discodiva Wed 25-Sep-19 11:10:31

We had exactly the same thing happen to us when my mother in law went into a care home. We had 4 weeks to clear the flat. What was shocking for us was the amount of hoarding she'd done over the past 10 years and sadly keeping presents that she'd been given by us and her grandchildren and had never opened. However, what we did first was remove all personal items of a sentimental value photos/jewellery etc (amounted to a couple of boxes) and clothes (to take to the care home), put on facebook any furniture and big items still in good condition, and then got a house clearance team in to take the rest. I would be loathe to recommend storage because you could end up putting off the inevitable and it costing you a fortune to boot.
Good luck with whatever you decide.

ReadyMeals Wed 25-Sep-19 11:14:20

The housing management may have a clearance company they could recommend and deal with on your behalf. Might be worth asking them?

Sussexborn Wed 25-Sep-19 11:19:54

Heartfelt condolences! It’s hard loosing our parents!

The British Heart Foundation in our area are brilliant. They have always turned up precisely on time and been very helpful. They even let us know how much they received for the three piece suite. Our local hospice was chaotic. They may or may not turn up sometime over the next three months!

The downside to Freecycle is the number of people who ask for items and then don’t turn up. Especially difficult when the time frame is short.

Saxifrage Wed 25-Sep-19 11:31:01

Worth checking if there is a local motability, the one at the local shopping centre took my uncles mobility scooter. Good luck

Hellsbelles Wed 25-Sep-19 11:38:36

I'm sorry for your loss. When I was caring for my parent ( I lived 300+ miles away ) I wasn't working at the time as had been staying with them to care for them after a terminal diagnosis.
They passed away and as an only child ,all arrangements fell to me.
It wasn't feasible for me to return home, and then come back again for the funeral etc .
Once I had done the necessary death certificate, funeral arrangements, contacting banks , pensions , personal pensions , cancelling of various things etc, I set to work clearing the house.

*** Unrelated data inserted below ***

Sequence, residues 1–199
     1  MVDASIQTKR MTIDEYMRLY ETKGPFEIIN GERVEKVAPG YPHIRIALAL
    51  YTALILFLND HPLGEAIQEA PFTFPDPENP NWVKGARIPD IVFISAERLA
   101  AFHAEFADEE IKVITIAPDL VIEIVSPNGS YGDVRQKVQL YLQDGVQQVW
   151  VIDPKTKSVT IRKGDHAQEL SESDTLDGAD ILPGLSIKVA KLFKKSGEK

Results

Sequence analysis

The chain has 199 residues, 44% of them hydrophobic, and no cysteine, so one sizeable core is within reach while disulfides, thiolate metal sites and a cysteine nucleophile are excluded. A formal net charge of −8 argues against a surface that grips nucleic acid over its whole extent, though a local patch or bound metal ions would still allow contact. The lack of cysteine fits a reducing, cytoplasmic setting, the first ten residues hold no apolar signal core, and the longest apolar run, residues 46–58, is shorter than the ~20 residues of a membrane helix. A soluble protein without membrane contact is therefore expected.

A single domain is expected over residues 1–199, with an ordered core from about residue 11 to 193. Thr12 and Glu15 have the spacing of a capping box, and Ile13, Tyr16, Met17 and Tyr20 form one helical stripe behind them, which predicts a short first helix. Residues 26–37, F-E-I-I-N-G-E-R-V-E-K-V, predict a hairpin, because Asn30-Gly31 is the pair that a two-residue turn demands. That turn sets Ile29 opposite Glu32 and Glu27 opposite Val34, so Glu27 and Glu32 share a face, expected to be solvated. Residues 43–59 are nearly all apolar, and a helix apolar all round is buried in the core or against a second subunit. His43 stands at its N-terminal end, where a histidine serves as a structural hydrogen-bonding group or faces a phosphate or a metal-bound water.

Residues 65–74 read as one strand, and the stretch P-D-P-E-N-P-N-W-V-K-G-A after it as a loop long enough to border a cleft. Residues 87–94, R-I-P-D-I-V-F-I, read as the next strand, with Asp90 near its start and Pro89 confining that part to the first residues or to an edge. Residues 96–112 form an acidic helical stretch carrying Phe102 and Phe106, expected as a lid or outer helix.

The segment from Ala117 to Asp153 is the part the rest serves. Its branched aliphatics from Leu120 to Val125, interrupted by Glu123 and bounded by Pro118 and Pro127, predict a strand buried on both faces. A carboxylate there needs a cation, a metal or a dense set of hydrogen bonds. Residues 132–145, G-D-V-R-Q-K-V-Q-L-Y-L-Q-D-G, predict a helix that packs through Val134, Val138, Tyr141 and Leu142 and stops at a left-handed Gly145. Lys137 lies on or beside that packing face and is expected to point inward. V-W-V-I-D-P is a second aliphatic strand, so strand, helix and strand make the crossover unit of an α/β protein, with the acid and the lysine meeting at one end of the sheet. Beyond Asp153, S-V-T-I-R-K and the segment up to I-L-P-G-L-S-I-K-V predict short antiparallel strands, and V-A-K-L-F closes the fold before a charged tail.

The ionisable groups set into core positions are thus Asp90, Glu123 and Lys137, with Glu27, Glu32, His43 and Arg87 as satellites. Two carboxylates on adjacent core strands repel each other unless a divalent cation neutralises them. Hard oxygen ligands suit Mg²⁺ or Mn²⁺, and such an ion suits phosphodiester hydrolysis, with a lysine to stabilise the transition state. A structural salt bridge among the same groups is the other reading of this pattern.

It was our family home so was full of lots of memories and a fair bit of stuff that is collected from having lived their as my parents had for 55+ years. In 3 weeks I had managed it. Trips to charity shops , lots of paper shreading, bribing the system to take lots of black bags. It was hard but I knew it had to be done.
Can you write yourself a timetable , and set yourself goals to achieve them ?

GrandmaJan Wed 25-Sep-19 11:49:51

Condolences flowers x

Madmaggie Wed 25-Sep-19 11:52:31

Firstly commiserations on the death of your Pops. I found my local Emmaus charity were glad to take furniture for free, they do good work & it felt good to support them. The chaps they sent were workmanlike, polite & arrived promptly at pre arranged time. I bought some of those plastic lidded boxes that are everywhere and put all photos, papers, documents etc in them to be sorted or shredded back at my place at my leisure. It's surprising what documents you do need so don't be too hasty. I kept some knick naks etc in other lidded boxes to consider later, those things not wanted by myself or brother I listed & photoed and offered to nephews/nieces etc putting a time limit by which to ask (otherwise you just become a storage unit yourself, I still have someone trying to decide 6 yrs later!) There's a charity that takes mobility scooters for ex service personnel if you wish to donate it. Dad had a beauty but no one wanted to buy it, eventually I heard of an in law who was diagnosed with COPD and he was glad of it, I just asked him to make a donation to the Poppy appeal. The Council will remove bulky items for a charge (varies from council to council & they may count a mattress & base as 2 items etc). Remove what you want/need to keep first before considering using clearance firms plus they won't clear anything they can't sell. I didn't want the sense of intrusion so did it myself. It's worth considering paying for a "one off" clean from a cleaning company (charges vary) after you've emptied his flat - you will have enough to do. It's afterwards that it catches up with you so be kind to yourself too.

glammanana Wed 25-Sep-19 11:56:38

Sending condolences to you and your family.
I am also a fan of BHF they are very caring and do turn up when they say they will be aware that any soft furnishings such as sofa's and mattresses must have the fire retardancy certificate some people forget this.
The HA we are with insists that even curtains/carpets and the fittings are removed prior to handing in the keys.
I hope everything goes to plan for you flowers

Madmaggie Wed 25-Sep-19 11:56:39

Meant to say, charities won't take lounge chairs, sofas etc if they don't have fire retardent labels. Some won't take electrical goods either so you need to check.